Posted by: colleenoshea | February 15, 2009

Ag-Education a Hot Topic


Recently, I was privileged enough to attend an inspiring seminar put on by CanACT (Canadian Agricultural Communicators of Tomorrow) at the University of Guelph. At this presentation, Ontario Federation of Agriculture (OFA) President Bette Jean Crews and Ontario Agri-Food Education (OAFE) Executive Director Colleen Smith were the two guest speakers- telling their stories of their involvement in the agricultural industry. It was a very powerful evening as they are both very driven and determined women, and defiantly left the students in the room with new motivation

     Although many things interested me during the presentations, one thing that I was intrigued by was the constant theme in both presenters to “buy local. In particular, I was extra intrigued at Colleen’s views of integrating the local food movement into the classroom, as my future career path is in teaching. Colleen shared with us thoughts on how our education system has been improving when it comes to being informed about agricultural issues- especially food. She stated that more and more teachers are focusing in on the importance of healthy, local food.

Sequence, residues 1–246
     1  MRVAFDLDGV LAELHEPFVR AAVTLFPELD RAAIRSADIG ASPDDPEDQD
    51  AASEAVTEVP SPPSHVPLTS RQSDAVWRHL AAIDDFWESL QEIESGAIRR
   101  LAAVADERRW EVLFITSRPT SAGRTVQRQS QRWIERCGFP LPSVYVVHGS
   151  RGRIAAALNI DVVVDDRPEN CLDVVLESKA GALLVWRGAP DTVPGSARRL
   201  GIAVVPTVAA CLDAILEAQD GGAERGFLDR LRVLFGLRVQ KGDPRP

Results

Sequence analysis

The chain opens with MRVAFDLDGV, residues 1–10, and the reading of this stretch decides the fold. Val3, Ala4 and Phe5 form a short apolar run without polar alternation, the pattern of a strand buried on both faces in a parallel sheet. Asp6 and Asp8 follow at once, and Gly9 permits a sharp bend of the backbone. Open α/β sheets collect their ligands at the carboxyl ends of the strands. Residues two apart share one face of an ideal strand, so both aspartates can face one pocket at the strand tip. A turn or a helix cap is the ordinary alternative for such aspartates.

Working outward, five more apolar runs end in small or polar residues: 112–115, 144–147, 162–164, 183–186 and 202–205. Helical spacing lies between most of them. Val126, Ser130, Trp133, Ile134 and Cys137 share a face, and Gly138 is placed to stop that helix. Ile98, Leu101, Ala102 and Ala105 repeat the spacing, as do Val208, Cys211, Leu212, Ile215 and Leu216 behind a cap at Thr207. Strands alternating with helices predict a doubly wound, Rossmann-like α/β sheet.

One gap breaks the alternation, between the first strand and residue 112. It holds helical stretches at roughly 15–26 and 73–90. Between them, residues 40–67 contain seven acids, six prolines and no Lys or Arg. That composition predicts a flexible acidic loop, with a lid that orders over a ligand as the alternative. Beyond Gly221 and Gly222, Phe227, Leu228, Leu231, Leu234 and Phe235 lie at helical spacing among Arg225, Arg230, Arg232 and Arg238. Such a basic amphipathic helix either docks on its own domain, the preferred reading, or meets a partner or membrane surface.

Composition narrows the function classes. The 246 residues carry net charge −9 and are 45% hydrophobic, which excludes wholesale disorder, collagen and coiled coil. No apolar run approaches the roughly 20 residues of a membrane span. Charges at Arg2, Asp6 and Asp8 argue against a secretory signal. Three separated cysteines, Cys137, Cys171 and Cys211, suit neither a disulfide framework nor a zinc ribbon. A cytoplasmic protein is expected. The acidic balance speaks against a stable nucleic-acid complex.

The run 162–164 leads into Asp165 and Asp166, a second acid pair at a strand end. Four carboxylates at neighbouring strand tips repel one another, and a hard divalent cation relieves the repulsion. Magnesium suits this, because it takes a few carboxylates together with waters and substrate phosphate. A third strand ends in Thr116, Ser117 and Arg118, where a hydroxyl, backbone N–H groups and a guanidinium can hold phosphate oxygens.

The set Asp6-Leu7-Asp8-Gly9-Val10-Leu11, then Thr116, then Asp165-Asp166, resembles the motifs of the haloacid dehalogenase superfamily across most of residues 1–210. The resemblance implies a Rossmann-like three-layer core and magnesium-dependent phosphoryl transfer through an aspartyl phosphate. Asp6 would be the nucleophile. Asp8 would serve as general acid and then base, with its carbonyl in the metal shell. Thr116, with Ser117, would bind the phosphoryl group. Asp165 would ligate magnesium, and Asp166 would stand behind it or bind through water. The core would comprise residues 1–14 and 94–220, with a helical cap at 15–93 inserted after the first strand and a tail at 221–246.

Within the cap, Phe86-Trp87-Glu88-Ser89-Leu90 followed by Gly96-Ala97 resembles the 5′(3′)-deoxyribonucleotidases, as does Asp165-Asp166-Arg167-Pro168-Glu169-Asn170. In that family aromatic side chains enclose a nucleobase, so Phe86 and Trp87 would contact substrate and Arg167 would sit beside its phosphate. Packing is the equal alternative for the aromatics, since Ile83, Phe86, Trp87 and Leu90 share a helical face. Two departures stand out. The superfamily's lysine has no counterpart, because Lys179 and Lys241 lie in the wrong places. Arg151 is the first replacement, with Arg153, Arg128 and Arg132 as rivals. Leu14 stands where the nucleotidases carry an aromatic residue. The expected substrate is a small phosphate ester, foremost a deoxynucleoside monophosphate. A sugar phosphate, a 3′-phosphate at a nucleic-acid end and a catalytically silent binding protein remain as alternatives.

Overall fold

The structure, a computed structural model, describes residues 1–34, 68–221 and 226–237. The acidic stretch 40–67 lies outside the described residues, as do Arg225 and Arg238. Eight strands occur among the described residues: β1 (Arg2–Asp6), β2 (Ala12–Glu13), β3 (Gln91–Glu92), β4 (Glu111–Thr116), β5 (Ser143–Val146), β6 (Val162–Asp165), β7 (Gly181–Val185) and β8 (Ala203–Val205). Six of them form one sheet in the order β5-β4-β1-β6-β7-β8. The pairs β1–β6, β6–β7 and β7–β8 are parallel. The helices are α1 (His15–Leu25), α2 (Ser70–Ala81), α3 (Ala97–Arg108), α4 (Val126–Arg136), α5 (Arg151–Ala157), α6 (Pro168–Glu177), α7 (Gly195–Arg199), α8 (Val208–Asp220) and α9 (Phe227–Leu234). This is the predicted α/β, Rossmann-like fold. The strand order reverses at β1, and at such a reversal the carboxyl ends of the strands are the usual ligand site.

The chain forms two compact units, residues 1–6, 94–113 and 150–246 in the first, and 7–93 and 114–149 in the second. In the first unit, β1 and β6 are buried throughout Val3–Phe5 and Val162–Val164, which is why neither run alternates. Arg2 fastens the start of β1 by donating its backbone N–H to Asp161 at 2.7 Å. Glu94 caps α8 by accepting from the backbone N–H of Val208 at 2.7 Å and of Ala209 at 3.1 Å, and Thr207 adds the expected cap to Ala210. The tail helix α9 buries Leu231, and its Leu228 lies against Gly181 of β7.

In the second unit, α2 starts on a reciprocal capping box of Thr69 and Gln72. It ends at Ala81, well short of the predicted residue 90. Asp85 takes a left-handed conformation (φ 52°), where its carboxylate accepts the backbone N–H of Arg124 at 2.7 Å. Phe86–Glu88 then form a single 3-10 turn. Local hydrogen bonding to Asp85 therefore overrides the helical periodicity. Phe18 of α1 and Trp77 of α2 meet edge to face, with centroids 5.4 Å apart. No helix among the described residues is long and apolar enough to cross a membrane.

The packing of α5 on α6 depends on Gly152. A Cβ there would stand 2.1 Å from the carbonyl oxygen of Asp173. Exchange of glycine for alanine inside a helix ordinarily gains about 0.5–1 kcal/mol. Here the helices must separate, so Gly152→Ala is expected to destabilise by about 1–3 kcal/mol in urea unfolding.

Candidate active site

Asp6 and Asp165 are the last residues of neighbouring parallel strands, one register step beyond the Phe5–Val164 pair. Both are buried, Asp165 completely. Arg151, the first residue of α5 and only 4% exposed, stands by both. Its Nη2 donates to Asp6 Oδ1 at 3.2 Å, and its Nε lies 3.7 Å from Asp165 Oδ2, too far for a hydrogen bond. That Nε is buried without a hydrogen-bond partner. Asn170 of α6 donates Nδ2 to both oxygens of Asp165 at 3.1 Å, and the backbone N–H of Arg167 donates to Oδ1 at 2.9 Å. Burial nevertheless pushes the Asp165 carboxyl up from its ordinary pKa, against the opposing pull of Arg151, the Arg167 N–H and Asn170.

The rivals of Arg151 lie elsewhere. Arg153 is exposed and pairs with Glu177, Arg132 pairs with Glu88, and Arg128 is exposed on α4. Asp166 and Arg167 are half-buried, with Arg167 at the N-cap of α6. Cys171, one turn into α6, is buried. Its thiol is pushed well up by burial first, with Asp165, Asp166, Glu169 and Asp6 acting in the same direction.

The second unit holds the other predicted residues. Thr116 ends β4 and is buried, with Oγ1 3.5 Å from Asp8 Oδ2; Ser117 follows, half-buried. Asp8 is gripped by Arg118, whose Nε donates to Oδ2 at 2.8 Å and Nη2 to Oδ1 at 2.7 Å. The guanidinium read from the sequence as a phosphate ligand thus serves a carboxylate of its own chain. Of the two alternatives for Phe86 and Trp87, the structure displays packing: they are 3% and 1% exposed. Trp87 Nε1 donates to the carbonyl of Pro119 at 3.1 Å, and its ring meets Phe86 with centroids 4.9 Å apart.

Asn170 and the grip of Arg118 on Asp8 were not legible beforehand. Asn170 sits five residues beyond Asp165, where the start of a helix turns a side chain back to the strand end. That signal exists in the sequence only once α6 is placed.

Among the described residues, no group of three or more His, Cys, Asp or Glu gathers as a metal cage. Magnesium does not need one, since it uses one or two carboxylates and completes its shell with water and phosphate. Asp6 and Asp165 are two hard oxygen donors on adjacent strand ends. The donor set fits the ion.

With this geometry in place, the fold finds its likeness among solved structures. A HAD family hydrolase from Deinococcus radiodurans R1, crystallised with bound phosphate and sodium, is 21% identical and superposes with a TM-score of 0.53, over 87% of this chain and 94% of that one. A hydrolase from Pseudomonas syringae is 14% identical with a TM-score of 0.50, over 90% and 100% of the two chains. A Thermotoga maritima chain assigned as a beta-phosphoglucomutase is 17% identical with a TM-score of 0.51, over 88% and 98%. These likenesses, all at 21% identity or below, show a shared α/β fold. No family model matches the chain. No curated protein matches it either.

She distributed “education packs” to each of us, which OAFE handed out at The Royal Agricultural Winter Fair this year. One resource in this pack was an OAFE pamphlet on the local food movement. Included on this pamphlet was the definition of the new word for 2007; “locavore”. A locavore is defined as a person who wants to make a difference in their environment by making an effort to eat food that has been grown and harvested within a 100mile radius of where they live. As well, the pamphlet included sample lesson plans of how teachers could integrate the importance of healthy

     I was particularly drawn to this and thought it was an excellent resource for teachers. I asked my mother, a family studies teacher if she had heard of this resource, or used any of the resources OAFE has available and she proudly commented that she does indeed use them, and that they are excellent assets to lessons. I strongly feel that MORE teachers need to use these resources. They are perfect ways to bridge the gap between urban and rural, to instill in young children the value of buying locally and in turn, to gain more support for our local farmers. As I will be graduating in April, and hopefully one day will be standing in front of a class of children, I know I will use OAFE’s resources and will be sure that Ag-Education is front and centre in my classroom.


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